Ice Fishing on Lake Winnipeg

Ice Fisherman returning from his shack on frozen Lake Winnipeg.

Every year an assortment of different fishing shacks are dragged out onto the lake.  Some are like miniature cottages complete with stoves, little kitchenettes, and comfortable seating to wait out the fish.  Others are simply wind breaks, offering protection from the harsh chilling wind of the Canadian prairie winter.

Fishing Shack under the moonlit night, near Gimli, Manitoba

Tire tracks leading out to a distant ice shack.


2 thoughts on “Ice Fishing on Lake Winnipeg”

  1. Hey Ken,

    Great photos and very nice site. I was hoping you could help me with some information reguarding annual ice conditions. I am planning to treck from the Northern end of lake Winnipeg to the south this January as a traing trip for a future crossing of Greenland. I was looking for information reguarding ice freeze up, when the lake is usually froze over solid and what thickness in general at that time of the year as well as if there are any paticulary unstable areas of the lake that you would suggest to stay clear from at any time of the year. I am hoping to leave from at least Grand Rapids or possible farther north if possible around the 7th of January. Any information that you could provide me would be greatly appreciated at your earlier convienience.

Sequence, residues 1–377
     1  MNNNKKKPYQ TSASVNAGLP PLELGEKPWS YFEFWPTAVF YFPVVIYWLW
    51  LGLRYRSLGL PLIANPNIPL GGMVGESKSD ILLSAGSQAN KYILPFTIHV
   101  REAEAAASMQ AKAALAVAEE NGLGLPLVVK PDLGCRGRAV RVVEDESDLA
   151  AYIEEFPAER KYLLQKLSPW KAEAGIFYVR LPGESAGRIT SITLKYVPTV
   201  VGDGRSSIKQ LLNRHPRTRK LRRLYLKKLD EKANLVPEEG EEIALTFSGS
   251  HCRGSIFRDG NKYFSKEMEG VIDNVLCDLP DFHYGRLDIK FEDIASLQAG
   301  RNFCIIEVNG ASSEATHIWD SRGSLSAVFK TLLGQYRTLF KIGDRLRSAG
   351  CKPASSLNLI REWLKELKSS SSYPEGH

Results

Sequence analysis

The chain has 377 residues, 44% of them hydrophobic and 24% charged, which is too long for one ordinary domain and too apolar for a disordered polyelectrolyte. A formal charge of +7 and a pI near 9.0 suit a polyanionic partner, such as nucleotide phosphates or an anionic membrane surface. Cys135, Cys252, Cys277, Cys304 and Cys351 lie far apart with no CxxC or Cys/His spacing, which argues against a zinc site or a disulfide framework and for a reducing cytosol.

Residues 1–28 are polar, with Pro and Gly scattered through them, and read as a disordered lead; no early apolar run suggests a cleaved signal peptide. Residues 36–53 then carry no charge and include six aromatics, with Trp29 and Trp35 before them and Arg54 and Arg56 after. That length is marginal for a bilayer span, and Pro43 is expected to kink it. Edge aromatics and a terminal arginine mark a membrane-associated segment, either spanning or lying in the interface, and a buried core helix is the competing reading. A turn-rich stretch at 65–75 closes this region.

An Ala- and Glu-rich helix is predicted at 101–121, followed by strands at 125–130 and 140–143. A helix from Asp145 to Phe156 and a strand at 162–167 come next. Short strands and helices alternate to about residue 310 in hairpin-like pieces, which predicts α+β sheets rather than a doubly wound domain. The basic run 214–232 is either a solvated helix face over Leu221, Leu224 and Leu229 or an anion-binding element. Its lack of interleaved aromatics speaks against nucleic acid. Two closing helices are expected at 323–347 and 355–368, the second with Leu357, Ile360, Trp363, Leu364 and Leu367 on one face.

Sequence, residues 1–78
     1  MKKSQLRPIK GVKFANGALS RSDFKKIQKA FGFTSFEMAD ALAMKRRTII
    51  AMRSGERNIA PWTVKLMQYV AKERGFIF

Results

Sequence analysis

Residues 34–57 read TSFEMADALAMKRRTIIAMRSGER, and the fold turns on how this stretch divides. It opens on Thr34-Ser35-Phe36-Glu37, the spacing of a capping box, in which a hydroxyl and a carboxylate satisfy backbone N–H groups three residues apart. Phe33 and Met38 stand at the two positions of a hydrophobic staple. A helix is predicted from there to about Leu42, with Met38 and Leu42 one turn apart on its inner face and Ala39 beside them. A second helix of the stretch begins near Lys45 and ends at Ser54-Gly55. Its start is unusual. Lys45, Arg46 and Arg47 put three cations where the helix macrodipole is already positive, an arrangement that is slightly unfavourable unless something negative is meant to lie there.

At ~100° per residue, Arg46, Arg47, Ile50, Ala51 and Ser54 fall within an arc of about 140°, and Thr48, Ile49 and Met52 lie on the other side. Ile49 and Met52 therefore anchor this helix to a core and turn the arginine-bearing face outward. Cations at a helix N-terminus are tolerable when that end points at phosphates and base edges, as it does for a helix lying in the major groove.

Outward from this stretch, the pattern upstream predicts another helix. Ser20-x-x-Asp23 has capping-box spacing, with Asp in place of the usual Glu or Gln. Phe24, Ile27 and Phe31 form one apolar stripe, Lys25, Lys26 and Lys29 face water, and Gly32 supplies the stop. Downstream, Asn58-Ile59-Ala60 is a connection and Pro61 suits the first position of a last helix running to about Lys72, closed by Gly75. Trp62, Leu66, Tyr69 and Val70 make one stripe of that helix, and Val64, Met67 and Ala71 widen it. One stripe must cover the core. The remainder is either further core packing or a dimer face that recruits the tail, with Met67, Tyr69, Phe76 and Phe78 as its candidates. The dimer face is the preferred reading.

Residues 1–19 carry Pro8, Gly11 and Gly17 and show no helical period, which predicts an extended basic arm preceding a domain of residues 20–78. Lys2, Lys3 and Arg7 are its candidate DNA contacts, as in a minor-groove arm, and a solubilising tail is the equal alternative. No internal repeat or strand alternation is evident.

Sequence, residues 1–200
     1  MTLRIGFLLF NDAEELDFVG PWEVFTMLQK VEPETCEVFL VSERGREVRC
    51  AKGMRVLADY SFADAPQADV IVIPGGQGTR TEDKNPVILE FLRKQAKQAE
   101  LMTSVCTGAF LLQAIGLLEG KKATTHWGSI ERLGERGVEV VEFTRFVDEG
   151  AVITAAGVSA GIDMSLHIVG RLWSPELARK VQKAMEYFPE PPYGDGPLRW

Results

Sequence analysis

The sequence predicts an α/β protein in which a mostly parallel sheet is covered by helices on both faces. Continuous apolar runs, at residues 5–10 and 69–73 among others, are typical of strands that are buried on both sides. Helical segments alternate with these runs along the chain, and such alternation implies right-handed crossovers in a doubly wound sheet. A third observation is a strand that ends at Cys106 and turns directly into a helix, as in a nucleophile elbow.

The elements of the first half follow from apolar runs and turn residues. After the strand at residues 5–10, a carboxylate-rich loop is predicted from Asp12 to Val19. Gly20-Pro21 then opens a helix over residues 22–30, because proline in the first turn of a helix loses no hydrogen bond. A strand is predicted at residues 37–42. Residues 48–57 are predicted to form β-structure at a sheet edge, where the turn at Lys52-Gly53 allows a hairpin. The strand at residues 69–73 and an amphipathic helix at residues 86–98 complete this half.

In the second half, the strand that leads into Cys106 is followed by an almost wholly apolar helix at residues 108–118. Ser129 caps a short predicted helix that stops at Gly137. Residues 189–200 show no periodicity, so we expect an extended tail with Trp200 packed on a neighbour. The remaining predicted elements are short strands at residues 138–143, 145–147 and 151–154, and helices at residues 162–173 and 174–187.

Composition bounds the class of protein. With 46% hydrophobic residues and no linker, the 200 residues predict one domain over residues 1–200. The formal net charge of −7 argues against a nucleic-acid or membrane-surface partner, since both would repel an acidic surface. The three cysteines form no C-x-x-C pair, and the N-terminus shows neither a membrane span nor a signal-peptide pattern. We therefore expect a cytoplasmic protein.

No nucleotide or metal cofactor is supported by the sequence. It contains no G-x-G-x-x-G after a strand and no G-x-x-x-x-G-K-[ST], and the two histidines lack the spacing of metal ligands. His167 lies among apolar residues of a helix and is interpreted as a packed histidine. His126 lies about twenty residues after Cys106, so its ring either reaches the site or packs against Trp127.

Thank you for your time,
    Ben Shillington

    1. Hi Ben, I’m afraid this might be a little out of my area of expertise. I am only familiar with the southern basin, and stick strictly to snowmobile and well established trails on the frozen lake. But I can tell you that water levels in the Red and Assiniboine rivers are up substantially this year which may affect Lake Winnipeg, this may be a concern. The area most notorious may be where the north and south basins meet, in the somewhat narrowed channel. It is known for stronger, dangerous currents, but like I said I am no expert. You might try contacting Dr. Gordon Giesbrecht at the University of Manitoba. He is known as ‘Professor Popsicle’ and is well known as an expert in cold weather human survival. I don’t know him personally, but he has taken similar trips on Lake Winnipeg.

      Best of luck,
      Ken Gillespie

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